plugging XLR into non XLR camera - Page 2 at DVinfo.net

Go Back   DV Info Net > The Tools of DV and HD Production > All Things Audio

All Things Audio
Everything Audio, from acquisition to postproduction.


Reply
 
Thread Tools Search this Thread
Old May 11th, 2007, 11:53 AM   #16
Major Player
 
Join Date: Jun 2006
Location: chattanooga, tn
Posts: 721
Quote:
Originally Posted by Pete Cofran View Post
Those 1/8 camera inputs are fragile and the cord can easily pull out. If you have to send your camera in for a repair or have the audio cut out in the middle of taping something you wont be too happy with the money you saved by going with an adapter.
And Beachteks connect to cameras using these same connectors, do they not? :) Loop the cable around the handle or something for strain relief. Apply some gaff tape to this loop if you want extra security. Problem solved.

Quote:
Originally Posted by Pete Cofran View Post
While this one situation might work its usually better to think ahead. If you ever go hand held how are you going to carry around a mixer with you? Its difficult to predict what you'll need in the future, thats why most get equipment that affords the most flexibility.
We're talking about portable mixers no bigger than the Beachtek. You wouldn't want to carry around a 24-input console. :)

In this case, what I'm saying is that thinking ahead might prevent you from spending money that you needn't have spent. You can get a small mixer for about the same price as the Beachtek, and you will actually have more flexibility this way, not less. In addition, a small mixer will be every bit as portable as the Beachtek.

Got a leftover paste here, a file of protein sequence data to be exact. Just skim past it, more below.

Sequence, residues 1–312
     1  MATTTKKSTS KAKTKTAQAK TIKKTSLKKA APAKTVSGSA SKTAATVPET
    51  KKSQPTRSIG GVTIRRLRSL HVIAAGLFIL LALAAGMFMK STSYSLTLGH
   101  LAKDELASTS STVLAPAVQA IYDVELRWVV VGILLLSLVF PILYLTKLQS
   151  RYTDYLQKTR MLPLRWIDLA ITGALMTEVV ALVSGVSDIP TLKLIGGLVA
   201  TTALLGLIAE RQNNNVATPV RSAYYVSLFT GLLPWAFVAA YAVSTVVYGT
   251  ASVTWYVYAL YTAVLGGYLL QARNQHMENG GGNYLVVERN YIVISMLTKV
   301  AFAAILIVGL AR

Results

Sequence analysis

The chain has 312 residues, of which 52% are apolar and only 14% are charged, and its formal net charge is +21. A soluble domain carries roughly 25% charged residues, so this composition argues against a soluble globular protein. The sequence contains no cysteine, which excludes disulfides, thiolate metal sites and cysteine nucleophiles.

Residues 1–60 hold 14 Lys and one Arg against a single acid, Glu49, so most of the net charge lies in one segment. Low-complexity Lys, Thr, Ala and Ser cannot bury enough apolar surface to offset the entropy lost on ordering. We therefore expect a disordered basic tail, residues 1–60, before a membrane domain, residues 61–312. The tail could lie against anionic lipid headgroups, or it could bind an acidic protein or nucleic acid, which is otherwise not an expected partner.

If you only need the one input, then you're saving a HUGE amount of money by getting a simple adapter cable, and your audio will sound no worse for it at all.
__________________
-->jarrod whaley.
www.oakstreetfilms.com
Jarrod Whaley is offline   Reply With Quote
Old May 11th, 2007, 12:01 PM   #17
Trustee
 
Join Date: May 2004
Location: USA
Posts: 1,551
I don't know what type of mixer she's talking about but even if its the smaller variety if its not designed to bolt on to the bottom of your camera its going to be a pain. The beachtek doesn't put a strain on the 1/8" input because its attached to the camera. While there are work arounds thats what they are work arounds. Its difficult over a message board to really know whats needed but we can agree to disagree.
Pete Cofrancesco is offline   Reply With Quote
Old May 11th, 2007, 12:14 PM   #18
Major Player
 
Join Date: Jun 2006
Location: chattanooga, tn
Posts: 721
Sure. If you want to buy a Beachtek, then by all means go right ahead. There's nothing wrong with it. It's just that it's not really necessary, and lots of people think that it is. We're just pointing out here that there are other ways to skin that cat, and that sometimes these other ways are cheaper and/or provide added functionality.

As for small mixers being a pain, that's not really true. There are thousands of professional crews using them every day. You can quite easily clip them onto your belt. And if you simply take care with your connection to the camera and loop your cable like I was saying, then stress to the jack is not an issue. By definition, all of these methods (including the Beachtek) are work-arounds, because we're doing things with these cameras that they were not designed to do. This is the price one pays for using consumer gear in a professional context.

I'm not trying at all to argue with you here, Pete. I'm just helping Carly and Cole see what their options are.
__________________
-->jarrod whaley.
www.oakstreetfilms.com
Jarrod Whaley is offline   Reply With Quote
Old May 11th, 2007, 01:45 PM   #19
Inner Circle
 
Join Date: Nov 2004
Location: Baltimore, MD USA
Posts: 2,323
Quote: